RELATED TERMS
  1. Reservable Deposit

    A bank deposit subject to reserve requirements. Reserve requirements ...
  2. Bank Reserve

    Bank reserves are the currency deposits which are not lent out ...
  3. Reserve Ratio

    The portion (expressed as a percent) of depositors' balances ...
  4. Free Reserves

    A measurement of a bank's reserves that is equal to the difference ...
  5. Working Reserves

    Reserves held by banks above the required minimum level - or ...
  6. Fractional Reserve Banking

    A banking system in which only a fraction of bank deposits are ...
Related Articles
  1. Markets

    Explaining the Reserve Ratio

    Reserve ratio is the amount of cash a bank must keep in its bank vaults or deposit into a central, governing bank.
  2. Markets

    What's the Federal Funds Rate?

    The federal funds rate is the interest rate banks charge each other for overnight loans to meet their reserve requirements.
  3. Markets

    How The U.S. Government Formulates Monetary Policy

    Learn about the tools the Fed uses to influence interest rates and general economic conditions.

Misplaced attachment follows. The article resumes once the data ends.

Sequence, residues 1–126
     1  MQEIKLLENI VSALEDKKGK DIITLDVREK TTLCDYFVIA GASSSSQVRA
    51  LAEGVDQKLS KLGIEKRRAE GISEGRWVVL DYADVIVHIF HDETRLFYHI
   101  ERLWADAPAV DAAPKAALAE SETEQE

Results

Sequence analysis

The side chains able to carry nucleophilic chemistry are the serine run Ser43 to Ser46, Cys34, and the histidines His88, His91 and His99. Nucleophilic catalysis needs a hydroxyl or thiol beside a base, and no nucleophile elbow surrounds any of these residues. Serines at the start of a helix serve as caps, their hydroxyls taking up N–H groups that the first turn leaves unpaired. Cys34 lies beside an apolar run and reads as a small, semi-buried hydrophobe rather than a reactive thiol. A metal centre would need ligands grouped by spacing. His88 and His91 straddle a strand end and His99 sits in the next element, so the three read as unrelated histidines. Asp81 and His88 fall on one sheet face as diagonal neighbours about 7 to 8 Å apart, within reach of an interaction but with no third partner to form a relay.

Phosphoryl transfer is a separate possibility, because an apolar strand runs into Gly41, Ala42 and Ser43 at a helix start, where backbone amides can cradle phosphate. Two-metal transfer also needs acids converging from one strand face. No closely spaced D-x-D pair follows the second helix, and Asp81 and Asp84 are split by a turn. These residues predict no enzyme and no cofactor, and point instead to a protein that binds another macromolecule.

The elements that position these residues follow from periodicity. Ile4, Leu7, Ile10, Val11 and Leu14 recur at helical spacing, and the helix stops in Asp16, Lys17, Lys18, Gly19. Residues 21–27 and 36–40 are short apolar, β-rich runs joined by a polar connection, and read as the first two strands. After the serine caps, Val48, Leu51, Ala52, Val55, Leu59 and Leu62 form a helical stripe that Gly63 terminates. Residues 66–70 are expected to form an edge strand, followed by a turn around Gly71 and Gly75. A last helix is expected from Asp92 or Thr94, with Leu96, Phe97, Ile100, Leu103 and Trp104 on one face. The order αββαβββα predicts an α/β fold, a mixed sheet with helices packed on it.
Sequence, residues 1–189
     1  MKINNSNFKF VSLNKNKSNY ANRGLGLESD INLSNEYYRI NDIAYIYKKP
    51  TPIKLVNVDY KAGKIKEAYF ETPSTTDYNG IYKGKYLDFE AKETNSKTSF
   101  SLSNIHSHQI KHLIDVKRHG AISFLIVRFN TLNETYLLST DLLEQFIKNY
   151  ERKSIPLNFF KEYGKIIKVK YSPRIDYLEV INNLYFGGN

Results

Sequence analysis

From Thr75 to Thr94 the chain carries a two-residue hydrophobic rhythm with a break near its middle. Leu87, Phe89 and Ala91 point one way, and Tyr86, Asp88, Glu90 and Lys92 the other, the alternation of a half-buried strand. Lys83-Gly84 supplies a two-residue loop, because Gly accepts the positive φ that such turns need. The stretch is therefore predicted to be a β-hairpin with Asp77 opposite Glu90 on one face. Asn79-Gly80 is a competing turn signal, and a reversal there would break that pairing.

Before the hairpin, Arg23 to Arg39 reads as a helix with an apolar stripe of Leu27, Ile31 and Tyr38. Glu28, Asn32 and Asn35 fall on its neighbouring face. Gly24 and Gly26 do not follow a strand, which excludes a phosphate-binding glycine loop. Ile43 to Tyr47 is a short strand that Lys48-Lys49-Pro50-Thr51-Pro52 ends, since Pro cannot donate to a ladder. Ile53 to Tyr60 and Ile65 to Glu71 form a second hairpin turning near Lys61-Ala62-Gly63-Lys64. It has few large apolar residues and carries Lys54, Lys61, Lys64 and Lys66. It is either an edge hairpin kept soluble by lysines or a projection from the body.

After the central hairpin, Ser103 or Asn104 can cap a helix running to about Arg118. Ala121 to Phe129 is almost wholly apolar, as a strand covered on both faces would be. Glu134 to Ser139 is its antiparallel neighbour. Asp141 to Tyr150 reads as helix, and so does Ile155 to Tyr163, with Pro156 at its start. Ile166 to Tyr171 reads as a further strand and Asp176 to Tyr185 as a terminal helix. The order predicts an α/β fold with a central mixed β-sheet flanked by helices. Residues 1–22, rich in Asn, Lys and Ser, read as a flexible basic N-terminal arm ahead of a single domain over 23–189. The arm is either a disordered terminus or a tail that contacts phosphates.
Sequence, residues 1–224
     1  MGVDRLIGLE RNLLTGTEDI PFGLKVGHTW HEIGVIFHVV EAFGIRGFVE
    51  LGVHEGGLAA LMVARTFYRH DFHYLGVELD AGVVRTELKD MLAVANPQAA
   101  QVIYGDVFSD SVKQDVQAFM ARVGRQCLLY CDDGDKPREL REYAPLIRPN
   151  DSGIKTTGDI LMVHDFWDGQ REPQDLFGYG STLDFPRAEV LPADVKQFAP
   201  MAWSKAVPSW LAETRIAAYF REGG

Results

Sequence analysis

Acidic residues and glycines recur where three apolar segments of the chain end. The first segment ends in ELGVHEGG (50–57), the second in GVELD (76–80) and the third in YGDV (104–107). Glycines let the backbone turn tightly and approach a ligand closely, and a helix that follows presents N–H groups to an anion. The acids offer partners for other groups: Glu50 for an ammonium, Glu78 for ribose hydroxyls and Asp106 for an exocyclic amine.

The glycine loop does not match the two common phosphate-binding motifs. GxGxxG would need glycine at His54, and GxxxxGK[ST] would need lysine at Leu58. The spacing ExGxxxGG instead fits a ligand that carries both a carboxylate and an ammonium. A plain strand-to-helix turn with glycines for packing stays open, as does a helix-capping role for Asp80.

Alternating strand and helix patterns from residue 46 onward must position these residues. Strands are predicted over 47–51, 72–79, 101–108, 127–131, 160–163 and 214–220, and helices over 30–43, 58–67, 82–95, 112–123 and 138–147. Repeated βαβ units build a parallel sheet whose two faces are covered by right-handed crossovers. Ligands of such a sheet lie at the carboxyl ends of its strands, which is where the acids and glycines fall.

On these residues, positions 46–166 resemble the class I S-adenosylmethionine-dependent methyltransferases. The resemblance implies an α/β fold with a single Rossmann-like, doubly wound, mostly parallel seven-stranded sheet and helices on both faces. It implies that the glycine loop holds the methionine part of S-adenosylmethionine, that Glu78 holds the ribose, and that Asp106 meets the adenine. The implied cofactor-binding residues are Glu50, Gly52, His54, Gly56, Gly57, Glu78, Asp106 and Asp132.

4. Markets

    Why Banks Don't Need Your Money to Make Loans

    Contrary to the story told in most economics textbooks, banks don't need your money to make loans, but they do want it to make those loans more profitable.
  5. Markets

    What is Fractional Reserve Banking?

    Fractional reserve banking is the banking system most countries use today.
  6. Markets

    Regional Banks Give The Fed A National Perspective

    We all know that the Federal Reserve utilizes monetary policy to control the economy, but what do the 12 regional Federal Reserve Banks do?
  7. Markets

    What Do the Federal Reserve Banks Do?

    These 12 regional banks are involved with four general tasks: formulate monetary policy, supervise financial institutions, facilitate government policy and provide payment services.
  8. Markets

    How The Federal Reserve Manages Money Supply

    Find out how the Fed manages bank reserves and this contributes to a stable economy.
  9. Markets

    Explaining the Federal Discount Rate

    The federal discount rate is the rate at which eligible banks or other depository institutions can borrow funds from a Federal Reserve bank.
  10. Markets

    Explaining the Federal Reserve System

    The Federal Reserve System is the central bank of the United States. It regulates monetary policy and supervises the nation’s banking system.